Do pro-inflammatory diets harm our health? And can anti-inflammatory diets help? – Harvard Health Blog

Our emerging understanding of the role of inflammation in major chronic diseases has drawn much attention to the effect of diet on the inflammatory process. Understanding the link can help us identify specific eating habits and foods that can reduce chronic inflammation and improve health.

Inflammation: helpful, harmful, or both?

There are two types of inflammation: acute and chronic. Acute inflammation is the body’s protective response to injury or infection. For example, acute inflammation occurs when you cut your finger. Your body sends white blood cells to protect the area. You may see swelling and redness and feel pain, but this process is essential for preventing infection.

Chronic inflammation can be triggered when the body tries to get rid of harmful substances such as toxins from smoking. Increased levels of chronic inflammation are also associated with excess fat, especially around the abdomen.

Chronic low-grade inflammation can damage blood vessels, arteries, nerves, and intestines. This can eventually lead to chronic illnesses, including heart disease, diabetes, certain cancers, and certain bowel diseases.

Can diet have an impact on chronic inflammation?

By examining markers of inflammation such as C-reactive protein (CRP), interleukin-6 (IL-6), and tumor necrosis factor alpha (TNF-α), the researchers found that diet could influence inflammation. There is also a lot of evidence showing that diet has an impact on the risk of chronic diseases, including heart disease and diabetes. Is inflammation the means by which diet influences disease risk?

Pro-inflammatory diets may increase the risk of cardiovascular disease

A recent study published in the Journal of the American College of Cardiology (JACC) examined whether pro-inflammatory diets are associated with an increased risk of cardiovascular disease (CVD). (Cardiovascular disease includes non-fatal and fatal heart attacks, as well as fatal and non-fatal strokes.) Researchers assessed the diets of more than 200,000 women and men enrolled in the Nurses Health Study, Nursing Health and Health Study II Professional follow-up study. Study participants completed food frequency questionnaires every four years for up to 32 years.

The results showed that those who consumed the most pro-inflammatory diets had a 38% higher risk of developing CVD compared to those who consumed the most anti-inflammatory diets. The associations were consistent in men and women and remained significant even when other lifestyle factors and other potential factors of inflammation such as obesity, diabetes, high blood pressure, and high cholesterol. were taken into account.

This study also showed that pro-inflammatory diets were associated with a poor cholesterol profile. This finding was also seen in another study, also published in JACC, which found that pro-inflammatory foods had a harmful effect on cholesterol levels while some anti-inflammatory foods had favorable effects.

Which foods are pro-inflammatory and anti-inflammatory?

Foods with a higher pro-inflammatory potential are red meat, processed meat and organ meat; refined carbohydrates such as white bread, white rice and many desserts; and sugary drinks, including colas and sports drinks.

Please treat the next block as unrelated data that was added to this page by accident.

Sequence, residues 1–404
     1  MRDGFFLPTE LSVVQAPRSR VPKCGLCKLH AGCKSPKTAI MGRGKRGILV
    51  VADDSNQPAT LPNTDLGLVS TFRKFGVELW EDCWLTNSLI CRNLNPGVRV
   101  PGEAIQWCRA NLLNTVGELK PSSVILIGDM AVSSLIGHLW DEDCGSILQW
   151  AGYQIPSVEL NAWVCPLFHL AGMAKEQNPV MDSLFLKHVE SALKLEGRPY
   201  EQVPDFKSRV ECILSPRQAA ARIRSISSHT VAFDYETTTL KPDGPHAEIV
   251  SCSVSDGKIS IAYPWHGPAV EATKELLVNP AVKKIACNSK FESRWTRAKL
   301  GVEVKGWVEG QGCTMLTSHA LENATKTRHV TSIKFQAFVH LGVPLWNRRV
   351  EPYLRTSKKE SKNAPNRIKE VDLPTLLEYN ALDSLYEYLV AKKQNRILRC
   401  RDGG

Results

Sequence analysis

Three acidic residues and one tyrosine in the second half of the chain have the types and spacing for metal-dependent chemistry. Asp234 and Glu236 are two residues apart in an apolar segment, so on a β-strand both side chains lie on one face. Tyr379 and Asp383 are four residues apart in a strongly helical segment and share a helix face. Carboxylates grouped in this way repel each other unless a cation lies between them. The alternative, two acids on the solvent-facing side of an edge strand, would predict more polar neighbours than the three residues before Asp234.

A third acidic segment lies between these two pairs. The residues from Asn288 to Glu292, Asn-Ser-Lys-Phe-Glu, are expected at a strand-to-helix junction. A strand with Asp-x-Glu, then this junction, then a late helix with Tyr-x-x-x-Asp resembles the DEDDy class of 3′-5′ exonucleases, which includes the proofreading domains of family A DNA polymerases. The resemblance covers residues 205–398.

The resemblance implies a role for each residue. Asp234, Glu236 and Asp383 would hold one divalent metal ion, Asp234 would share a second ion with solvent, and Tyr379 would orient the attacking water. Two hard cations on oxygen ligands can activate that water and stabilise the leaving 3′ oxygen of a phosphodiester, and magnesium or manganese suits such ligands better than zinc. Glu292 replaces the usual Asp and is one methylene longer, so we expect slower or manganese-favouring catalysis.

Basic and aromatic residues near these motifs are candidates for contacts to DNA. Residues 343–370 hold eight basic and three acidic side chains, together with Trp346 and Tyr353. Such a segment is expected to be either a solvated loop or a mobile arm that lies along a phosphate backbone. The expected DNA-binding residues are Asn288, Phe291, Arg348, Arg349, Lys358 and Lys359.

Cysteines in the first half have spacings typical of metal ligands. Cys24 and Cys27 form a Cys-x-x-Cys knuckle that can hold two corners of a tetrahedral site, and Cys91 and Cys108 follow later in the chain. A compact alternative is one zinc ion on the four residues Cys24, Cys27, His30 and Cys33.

Foods that have a higher anti-inflammatory potential are green leafy vegetables such as kale, collard greens and spinach; dark yellow vegetables such as winter and summer squash and yellow peppers; whole grains such as wheat berries, quinoa, whole grain bread, and oatmeal; and fruit, tea, coffee and wine. These foods contain specific anti-inflammatory compounds such as carotenoids, flavonoids, vitamins, and fiber.

The recent JACC The study’s results are consistent with other research that identifies certain eating patterns associated with lower inflammation and reduced risk of CVD. These include the Mediterranean diet, which emphasizes many anti-inflammatory foods and limits pro-inflammatory foods such as red meat and refined carbohydrates.

Bottom line: limit pro-inflammatory foods and eat more anti-inflammatory foods

Data suggests a cautious approach to the two pro-inflammatory foods limiting and Adopting an anti-inflammatory diet can be an effective CVD prevention strategy.

Below are some practical ways to get more anti-inflammatory foods into your diet.

Anti-inflammatory foods
CategoryfoodTips to further integrate your diet
Fiber· Fruits and vegetables

Beans, nuts and seeds

Packaged foods containing more than 5 grams of fiber per serving

Replace refined grains with whole grain options like brown rice and whole wheat

Eat high fiber snacks like berries, apples or carrots with hummus

Fill half of your plate with vegetables

PhytonutrientsVegetables and red, orange and yellow fruits

Dark green leafy vegetables like kale

Spices: turmeric, curcumin, peppers, cinnamon, garlic, ginger, onions, etc.

Green tea and black coffee

Fruits and vegetables that are rich in flavor (especially bitter flavors), aroma or color often contain more phytonutrients

Try not to peel your fruits and vegetables

Use many different spices when preparing meals

Shorten cooking time and limit pre-soaking of fruits and vegetables

Healthy fatsMonounsaturated fatty acids (olive oil, canola oil, sesame oil

Omega-3 fatty acids (fatty fish such as salmon and mackerel)

Flax seeds and nuts

Eat nuts for a mid-morning or afternoon snack

Use olive oil for dressing and for sautéing vegetables

Sprinkle whole flax seeds or flax powder in oatmeal, cereal or smoothies

Source: Department of Nutrition, Brigham and Women’s Hospital

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Jothi Venkat

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